Setting and Achieving Your Goals

As people, it is important for us to keep ourselves on track, especially if we have high aspirations for the future. I feel that I'm a very ambitious person, alongside being very organised about my ambitions. So, I thought it would be a good idea to share how I set and achieve my goals, how I organise and keep on top of my goals, and just everything in relation to achieving what you want (and making sure you actually do it!) 

Photo by Ella Jones



Write down your ultimate life goals.
Before you even consider planning, you need to have an idea of what the bigger picture is for your future. What is your ideal lifestyle? Your dream job? Your dream grades? Make sure you are aware of what you want. Being aware of what you want is the first step to achieving your goals. You cannot be simply going about your life, ticking off tasks with no final destination, or even milestones on the way there. This might be something such as having £1000 saved up, or working your way up in your job, or getting onto the university course you love!

Break down your plan into time-frames.
By creating a time-frame for your tasks, it will almost create a small amount of pressure to push you to get what you want! Split your goal into sections:

Daily To-do'sWeekly To-do's ➝ Monthly GoalsSeasonal GoalsYearly Goals

The idea of breaking the main goal up into sections is to ensure you are doing something everyday or every week that contributed to your final destination. Here is an example of what I will be doing to help me achieve a better grade in my Sociology A-Level (split into the sections.)

Write out lesson notes on the day Organise weekly notes into folder Make mind-maps and revise for end of unit testsAchieve a higher grade in Sociology Get an A in Sociology

Personally, I find it much easier to write my goals out as to-do's for my smaller time frame goals. This way it feels a little more like it is just a part of my daily tasks and routine. Incorporate your goals into your daily routine, so that you are contributing towards it every day. Your daily to-do's should be a small step towards the bigger yearly goals.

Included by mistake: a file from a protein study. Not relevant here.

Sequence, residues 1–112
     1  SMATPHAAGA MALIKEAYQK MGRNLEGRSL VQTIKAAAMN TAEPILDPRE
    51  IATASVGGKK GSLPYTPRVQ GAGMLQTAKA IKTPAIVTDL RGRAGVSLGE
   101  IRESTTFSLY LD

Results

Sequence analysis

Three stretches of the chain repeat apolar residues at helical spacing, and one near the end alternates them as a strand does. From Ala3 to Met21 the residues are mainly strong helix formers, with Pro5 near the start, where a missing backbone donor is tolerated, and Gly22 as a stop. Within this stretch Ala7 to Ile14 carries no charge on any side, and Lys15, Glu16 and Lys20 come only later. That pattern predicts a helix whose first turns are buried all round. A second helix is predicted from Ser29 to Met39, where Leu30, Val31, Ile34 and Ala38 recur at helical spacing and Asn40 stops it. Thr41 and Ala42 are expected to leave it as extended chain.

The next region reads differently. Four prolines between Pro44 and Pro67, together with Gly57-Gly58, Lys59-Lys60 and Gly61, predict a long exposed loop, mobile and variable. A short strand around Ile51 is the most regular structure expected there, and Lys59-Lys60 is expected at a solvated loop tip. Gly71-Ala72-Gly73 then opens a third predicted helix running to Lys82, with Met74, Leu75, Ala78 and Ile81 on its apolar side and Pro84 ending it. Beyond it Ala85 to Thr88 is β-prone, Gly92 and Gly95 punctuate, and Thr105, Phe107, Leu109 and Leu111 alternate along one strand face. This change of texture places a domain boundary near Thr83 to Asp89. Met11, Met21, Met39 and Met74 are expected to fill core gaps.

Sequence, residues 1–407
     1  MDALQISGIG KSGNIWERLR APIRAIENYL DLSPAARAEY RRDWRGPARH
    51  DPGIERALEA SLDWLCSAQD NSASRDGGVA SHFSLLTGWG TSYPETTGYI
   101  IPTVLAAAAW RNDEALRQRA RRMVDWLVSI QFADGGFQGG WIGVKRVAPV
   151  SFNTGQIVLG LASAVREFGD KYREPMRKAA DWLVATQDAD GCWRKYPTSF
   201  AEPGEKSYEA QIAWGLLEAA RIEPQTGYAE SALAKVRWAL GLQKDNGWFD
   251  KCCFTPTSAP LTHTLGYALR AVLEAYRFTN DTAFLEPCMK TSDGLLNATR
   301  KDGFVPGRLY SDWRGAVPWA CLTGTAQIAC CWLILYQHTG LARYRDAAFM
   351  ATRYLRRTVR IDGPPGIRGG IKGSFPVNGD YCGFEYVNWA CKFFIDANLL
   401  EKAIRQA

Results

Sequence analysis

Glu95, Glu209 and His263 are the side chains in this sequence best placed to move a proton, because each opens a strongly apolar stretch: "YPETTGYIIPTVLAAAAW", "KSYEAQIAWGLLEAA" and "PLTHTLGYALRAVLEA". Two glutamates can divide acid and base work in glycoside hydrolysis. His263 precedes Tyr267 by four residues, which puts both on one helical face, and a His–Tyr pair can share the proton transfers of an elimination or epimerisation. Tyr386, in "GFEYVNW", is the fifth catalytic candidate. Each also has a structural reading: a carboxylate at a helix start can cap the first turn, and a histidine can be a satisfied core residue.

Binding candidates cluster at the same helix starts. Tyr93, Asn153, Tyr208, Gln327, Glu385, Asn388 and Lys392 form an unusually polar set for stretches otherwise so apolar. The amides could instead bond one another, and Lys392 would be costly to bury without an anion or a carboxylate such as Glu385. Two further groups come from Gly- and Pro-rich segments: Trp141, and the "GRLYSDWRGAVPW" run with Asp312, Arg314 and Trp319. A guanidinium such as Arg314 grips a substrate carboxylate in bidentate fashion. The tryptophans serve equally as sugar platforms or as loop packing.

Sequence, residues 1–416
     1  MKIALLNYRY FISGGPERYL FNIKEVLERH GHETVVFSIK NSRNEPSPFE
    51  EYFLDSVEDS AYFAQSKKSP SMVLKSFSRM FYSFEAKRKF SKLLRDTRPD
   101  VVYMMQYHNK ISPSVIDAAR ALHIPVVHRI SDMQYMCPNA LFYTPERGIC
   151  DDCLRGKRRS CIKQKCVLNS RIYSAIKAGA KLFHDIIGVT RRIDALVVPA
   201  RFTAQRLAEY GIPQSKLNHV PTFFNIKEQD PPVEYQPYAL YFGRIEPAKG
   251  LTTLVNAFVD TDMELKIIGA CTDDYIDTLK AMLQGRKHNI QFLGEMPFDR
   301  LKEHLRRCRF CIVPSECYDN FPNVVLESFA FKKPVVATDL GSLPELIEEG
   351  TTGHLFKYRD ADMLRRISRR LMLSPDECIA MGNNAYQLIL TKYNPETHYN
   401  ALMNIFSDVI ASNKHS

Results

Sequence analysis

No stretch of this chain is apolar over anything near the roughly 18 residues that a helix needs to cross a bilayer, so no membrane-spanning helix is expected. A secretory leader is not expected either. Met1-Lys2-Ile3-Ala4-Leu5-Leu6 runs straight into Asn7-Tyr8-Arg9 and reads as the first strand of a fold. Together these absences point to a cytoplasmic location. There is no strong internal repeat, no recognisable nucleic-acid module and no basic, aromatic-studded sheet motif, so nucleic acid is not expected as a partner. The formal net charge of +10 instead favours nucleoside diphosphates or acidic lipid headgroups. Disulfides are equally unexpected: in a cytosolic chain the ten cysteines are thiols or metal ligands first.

Keep a reminder of your monthly goals at your work space.
I make around 6-10 small monthly goals to try and achieve over the month. Some of these goals may be smaller scale, others on a larger scale. I write them out on a small flashcard and stick them to the shelving on my desk so that whenever I sit at my desk, I am forced to read them. It is all well and good telling yourself what your goals are, but if you are not reminded of them consistently then you are bound to forget. I have learnt from watching lots of manifestation videos that if you tell yourself that something will happen, you will make decisions based around those goals.

My current month goals for September as an example are:
☆ Pass my driving theory and book my practical test
☆ Finish reading 1984 and The Handmaid's Tale for English
☆ Put £200 into my savings account
☆ Reach 2000 views on my blog
☆ Keep up with my lesson notes
☆ Sell 5 items on Depop
☆ Start going to sleep before 11pm

Quantify your goals.
For me, these goals are semi-achievable - which means that they are achievable, but I have to put in some efforts to achieve those goals. I also make sure they have numbers attached to them if possible, so that I can prove  that I have achieved that goal. For example, my savings account goal could be written as 'Put more money into my savings account' but I cannot define what 'more' is so I may end up putting in not as much as I first anticipated. This goal would also be split into putting £50 into my savings every week. This way it is also a to-do list task that I can check off, but I also cannot justify myself for hitting the goal if I only put £100 into my savings.

Keep track of your goal progress.
Make sure you have a record of your goals for each month, have a review session at the end of each month and evaluate what you could have done better. After setting your first round of goals you can see whether you were realistic or not for the time you set yourself. Something that makes organising my goals much more enjoyable for me is having cute notebooks to write them in (as shown in my lil pic at the top.) Keep track of your goals in one notebook to ensure you know exactly where they are written - and be proud  when you actually achieve what you wanted.

Convince yourself that you are capable of achieving what you want.
You cannot achieve something if you convince yourself that you cannot do it. Yes it can be hard to sometimes believe we can do what we want, you may have a few bad days and lose motivation. If your goals aren't inspiring you, they aren't what you desperately desire. If you have always wanted to do something, but never started, start now. Why waste your time thinking about what you want when you can just DO what you want?

How do you organise your goals? And what are your current goals for the time-being?

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